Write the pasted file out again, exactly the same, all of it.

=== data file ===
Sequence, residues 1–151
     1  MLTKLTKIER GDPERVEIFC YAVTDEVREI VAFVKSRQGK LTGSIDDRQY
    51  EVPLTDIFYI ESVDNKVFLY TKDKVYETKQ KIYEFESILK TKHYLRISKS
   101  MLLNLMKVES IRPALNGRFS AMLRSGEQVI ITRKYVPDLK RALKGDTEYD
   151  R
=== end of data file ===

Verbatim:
Sequence, residues 1–151
     1  MLTKLTKIER GDPERVEIFC YAVTDEVREI VAFVKSRQGK LTGSIDDRQY
    51  EVPLTDIFYI ESVDNKVFLY TKDKVYETKQ KIYEFESILK TKHYLRISKS
   101  MLLNLMKVES IRPALNGRFS AMLRSGEQVI ITRKYVPDLK RALKGDTEYD
   151  R